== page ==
Innovation is not for free

Julia Keseru

The past few months saw a lot of buzz around emerging digital technologies. There wasn’t a week going by without news of AI-enabled tools that create sophisticated content from basic human prompts, major advances in biometrics, robotics or extended reality tech, and other viral stories from the sector. 

But as the tech industry’s impact has become more significant, it has become consequently difficult to tell which of these innovations are truly groundbreaking and which will be passé soon, which are the harmless and the more worrisome advancements within the industry. 

We at The Engine Room are no stranger to this complexity: we have been helping activists navigate the nuances of digital systems for over a decade now. One key area that tends to almost always come up in our analysis revolves around the “sustainability costs” of these emerging systems. How much will digital tech cost us in the long run, both in a financial and philosophical sense? What are the unintended environmental, social and political consequences of such systems going mainstream? What kind of labour relationships fuel innovation? Who really maintains the success of the industry? And how is this division entrenching historical inequalities? 


When we look at the evidence, it is increasingly clear that emerging tech systems and internet technologies are very resource intensive. Our own research at The Engine Room has shown that corporate data centres have high energy needs, algorithmic models are data hungry and often built on exploitative labour relations, while the production of smart devices requires excess mineral extraction. To illustrate, the emissions generated by large-scale language models are reportedly the same as the emissions of five cars, underscoring how heavily AI systems rely on the exploitation of our natural and social resources.

And yet, the popular attitude in the tech industry (and adjacent sectors) is to continue prioritising high energy interventions –regardless of whether more efficient options are available or not. Facebook and Google famously tried to use drones and high-altitude balloons to connect remote regions to the internet, even though the shadow internet in Cuba and the community networks in Brazil have proven that low-tech alternatives are often more sustainable, affordable, efficient and resistant to disruptions. 

So what are some of the ways to push back on the notion that innovation should be prioritised by all means? How can we continue experimenting with technology’s liberatory potential, without sacrificing too much? 


Recognising the importance of a sustainable digital future, more and more activists are calling for a low-tech/degrowth mindset that prioritises simplicity and durability over scale and fanciness. The degrowth movement is not a product of the digital era: the 1970s already saw growing critique of modern technology’s depletion of resources like fossil fuels, with many advocating for locally affordable, efficient technologies. Since then, the term ‘low-tech’ has become mainstream across different sectors, as a way to describe sustainable, accessible, responsible and ethical approaches to innovation.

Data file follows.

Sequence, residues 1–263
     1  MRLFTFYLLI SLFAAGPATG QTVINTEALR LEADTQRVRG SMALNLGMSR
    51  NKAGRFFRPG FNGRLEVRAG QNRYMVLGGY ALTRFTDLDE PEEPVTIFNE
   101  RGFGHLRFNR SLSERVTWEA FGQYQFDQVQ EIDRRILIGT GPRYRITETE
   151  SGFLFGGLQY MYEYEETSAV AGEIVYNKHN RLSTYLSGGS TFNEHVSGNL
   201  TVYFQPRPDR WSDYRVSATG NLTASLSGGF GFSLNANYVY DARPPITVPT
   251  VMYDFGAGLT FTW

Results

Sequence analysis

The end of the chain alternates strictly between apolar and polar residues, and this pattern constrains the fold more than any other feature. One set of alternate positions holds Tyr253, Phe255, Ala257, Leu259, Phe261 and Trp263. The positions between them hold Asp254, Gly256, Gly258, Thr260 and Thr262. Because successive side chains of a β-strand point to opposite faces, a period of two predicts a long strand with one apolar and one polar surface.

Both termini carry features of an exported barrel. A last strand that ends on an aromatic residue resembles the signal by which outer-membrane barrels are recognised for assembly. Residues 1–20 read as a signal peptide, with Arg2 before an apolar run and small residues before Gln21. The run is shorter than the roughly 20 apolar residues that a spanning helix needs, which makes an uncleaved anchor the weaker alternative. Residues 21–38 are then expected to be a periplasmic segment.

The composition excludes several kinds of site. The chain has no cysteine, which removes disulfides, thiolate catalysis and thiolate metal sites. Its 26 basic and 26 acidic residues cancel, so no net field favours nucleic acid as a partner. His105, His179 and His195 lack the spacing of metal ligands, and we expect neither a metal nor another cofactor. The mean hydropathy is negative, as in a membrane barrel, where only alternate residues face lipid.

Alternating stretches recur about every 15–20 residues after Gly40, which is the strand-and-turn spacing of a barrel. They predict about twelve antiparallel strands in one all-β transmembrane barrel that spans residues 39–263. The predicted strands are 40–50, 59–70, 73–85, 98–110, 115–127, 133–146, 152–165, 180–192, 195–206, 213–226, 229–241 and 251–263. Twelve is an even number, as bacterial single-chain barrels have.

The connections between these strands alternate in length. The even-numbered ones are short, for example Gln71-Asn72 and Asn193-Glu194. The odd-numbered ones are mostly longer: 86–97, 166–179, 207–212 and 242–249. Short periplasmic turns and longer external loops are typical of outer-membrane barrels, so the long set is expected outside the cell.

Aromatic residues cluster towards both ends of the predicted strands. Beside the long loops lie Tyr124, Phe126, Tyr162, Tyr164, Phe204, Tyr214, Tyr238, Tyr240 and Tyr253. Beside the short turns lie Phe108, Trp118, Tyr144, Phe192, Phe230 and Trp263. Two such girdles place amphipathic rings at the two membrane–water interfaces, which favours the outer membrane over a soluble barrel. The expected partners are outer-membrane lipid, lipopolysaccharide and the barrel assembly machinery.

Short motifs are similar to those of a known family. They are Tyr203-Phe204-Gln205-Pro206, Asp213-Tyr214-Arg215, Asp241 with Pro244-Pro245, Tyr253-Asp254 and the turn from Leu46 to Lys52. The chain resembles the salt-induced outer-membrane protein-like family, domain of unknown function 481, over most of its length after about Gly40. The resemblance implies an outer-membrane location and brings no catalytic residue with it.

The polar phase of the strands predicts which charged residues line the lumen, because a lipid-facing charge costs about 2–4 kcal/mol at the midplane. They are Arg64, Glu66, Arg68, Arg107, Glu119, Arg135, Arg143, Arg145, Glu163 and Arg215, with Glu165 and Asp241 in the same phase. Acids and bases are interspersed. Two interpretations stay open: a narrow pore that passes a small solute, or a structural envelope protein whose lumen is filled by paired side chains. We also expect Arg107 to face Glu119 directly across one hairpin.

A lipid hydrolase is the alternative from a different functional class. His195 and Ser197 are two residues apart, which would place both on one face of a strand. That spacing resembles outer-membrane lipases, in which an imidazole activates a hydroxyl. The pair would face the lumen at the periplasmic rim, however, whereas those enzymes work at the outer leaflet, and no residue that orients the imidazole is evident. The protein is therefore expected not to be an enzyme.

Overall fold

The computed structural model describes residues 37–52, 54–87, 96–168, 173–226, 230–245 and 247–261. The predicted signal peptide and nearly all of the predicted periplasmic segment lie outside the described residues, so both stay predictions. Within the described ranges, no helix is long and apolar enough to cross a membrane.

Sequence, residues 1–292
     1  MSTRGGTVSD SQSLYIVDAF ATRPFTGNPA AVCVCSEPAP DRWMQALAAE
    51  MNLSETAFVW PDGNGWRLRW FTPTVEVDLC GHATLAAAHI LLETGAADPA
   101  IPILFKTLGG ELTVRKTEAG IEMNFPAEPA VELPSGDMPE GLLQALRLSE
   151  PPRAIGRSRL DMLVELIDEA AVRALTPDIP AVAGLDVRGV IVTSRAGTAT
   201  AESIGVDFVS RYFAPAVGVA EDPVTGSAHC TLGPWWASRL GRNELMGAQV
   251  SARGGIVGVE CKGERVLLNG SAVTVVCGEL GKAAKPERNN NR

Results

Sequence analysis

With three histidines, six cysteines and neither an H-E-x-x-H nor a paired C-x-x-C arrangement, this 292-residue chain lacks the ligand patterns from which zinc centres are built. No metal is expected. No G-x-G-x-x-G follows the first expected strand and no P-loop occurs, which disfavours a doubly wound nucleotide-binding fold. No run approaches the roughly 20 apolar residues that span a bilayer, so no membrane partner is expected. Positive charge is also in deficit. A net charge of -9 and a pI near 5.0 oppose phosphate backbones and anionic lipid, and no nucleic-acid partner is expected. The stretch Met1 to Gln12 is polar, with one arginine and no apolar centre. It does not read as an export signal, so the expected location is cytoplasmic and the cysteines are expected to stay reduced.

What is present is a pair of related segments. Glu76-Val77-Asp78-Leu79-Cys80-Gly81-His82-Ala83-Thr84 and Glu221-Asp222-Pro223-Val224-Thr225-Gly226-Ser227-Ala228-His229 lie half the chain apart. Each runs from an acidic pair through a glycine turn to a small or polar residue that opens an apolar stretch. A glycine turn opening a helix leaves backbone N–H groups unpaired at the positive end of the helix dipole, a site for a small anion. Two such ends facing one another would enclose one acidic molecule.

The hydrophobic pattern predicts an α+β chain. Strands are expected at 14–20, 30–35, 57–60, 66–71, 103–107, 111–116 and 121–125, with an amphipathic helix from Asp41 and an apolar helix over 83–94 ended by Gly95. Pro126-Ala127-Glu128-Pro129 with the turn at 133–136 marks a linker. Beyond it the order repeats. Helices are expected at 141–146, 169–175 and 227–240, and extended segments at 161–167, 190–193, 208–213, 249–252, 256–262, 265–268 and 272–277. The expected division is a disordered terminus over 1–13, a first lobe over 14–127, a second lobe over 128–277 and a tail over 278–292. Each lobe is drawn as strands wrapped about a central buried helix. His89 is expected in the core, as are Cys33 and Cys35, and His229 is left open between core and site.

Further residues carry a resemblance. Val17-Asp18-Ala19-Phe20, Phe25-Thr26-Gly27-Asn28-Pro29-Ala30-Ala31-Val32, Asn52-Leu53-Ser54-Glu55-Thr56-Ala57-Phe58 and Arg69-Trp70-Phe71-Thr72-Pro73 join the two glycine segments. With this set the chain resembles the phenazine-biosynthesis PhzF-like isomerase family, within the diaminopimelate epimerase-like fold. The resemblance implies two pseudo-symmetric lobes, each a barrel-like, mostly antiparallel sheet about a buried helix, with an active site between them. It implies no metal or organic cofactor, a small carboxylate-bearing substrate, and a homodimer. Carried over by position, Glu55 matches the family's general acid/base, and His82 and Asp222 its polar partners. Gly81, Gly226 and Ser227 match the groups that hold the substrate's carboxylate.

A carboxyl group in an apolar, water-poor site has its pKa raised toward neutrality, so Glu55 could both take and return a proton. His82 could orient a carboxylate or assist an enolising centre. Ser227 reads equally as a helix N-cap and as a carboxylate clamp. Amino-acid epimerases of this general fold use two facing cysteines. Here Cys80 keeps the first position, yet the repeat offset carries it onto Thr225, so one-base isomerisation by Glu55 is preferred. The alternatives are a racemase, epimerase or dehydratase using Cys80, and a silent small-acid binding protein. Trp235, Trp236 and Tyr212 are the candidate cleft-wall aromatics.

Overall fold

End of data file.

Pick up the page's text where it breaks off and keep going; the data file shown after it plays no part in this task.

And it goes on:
But how do these principles translate into every-day decisions for the makers and users of digital solutions?

There are a number of inspiring approaches and conceptual frameworks in emerging tech that prioritise degrowth. Some of the more promising examples include: 

For those who want to learn more about environmentally conscious web development, I highly recommend a deep dive into the Web Environmental Sustainability Guidelines, a collaboratively written document that provides helpful prompts and resources. To illustrate, here are some of the questions that one can ponder before developing or deploying a particular technology:

  • What is the overall carbon footprint of this tech solution? Is it possible to decarbonize by detecting carbon leaks? (GreenFrame and others offer open-source solutions that can help with that.)
  • How long is this application trying to ‘retain’ users and keep their attention, thus increasing their energy consumption, and causing other significant harms to their mental health? Are we making it easy for people to find the information they need, or are we trying to keep them hooked on our tech?
  • How much data does this tech collect? Only what is needed to improve the experience of the people using it? Or are we collecting excess information that will require energy-intensive data centres, while raising other concerns as well
  • Are we using large visual files and complicated design features? Or are we prioritising simplicity, access and sustainability in our visual approach? 


These are just some of the many questions we can ask ourselves when thinking about the longer term sustainability of digital innovation.

If you want to explore these issues further, have any questions or need advice on how to make more sustainable tech choices, we are happy to help! Read our report exploring the intersections of digital rights, tech and climate justice, or schedule a call through our Light-Touch Support Program.  

Image by Fré Sonneveld via Unsplash.


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